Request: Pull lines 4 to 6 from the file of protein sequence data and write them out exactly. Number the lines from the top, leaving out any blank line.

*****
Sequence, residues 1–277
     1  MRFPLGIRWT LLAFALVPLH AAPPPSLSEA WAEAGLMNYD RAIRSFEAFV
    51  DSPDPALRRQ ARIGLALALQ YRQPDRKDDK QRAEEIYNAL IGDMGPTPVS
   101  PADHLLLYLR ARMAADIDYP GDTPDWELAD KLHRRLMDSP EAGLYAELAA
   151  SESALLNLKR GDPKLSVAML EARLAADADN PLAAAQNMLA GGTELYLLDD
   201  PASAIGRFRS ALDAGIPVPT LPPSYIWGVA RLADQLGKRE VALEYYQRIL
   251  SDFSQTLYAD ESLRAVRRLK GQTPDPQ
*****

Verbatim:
   101  PADHLLLYLR ARMAADIDYP GDTPDWELAD KLHRRLMDSP EAGLYAELAA
   151  SESALLNLKR GDPKLSVAML EARLAADADN PLAAAQNMLA GGTELYLLDD
   201  PASAIGRFRS ALDAGIPVPT LPPSYIWGVA RLADQLGKRE VALEYYQRIL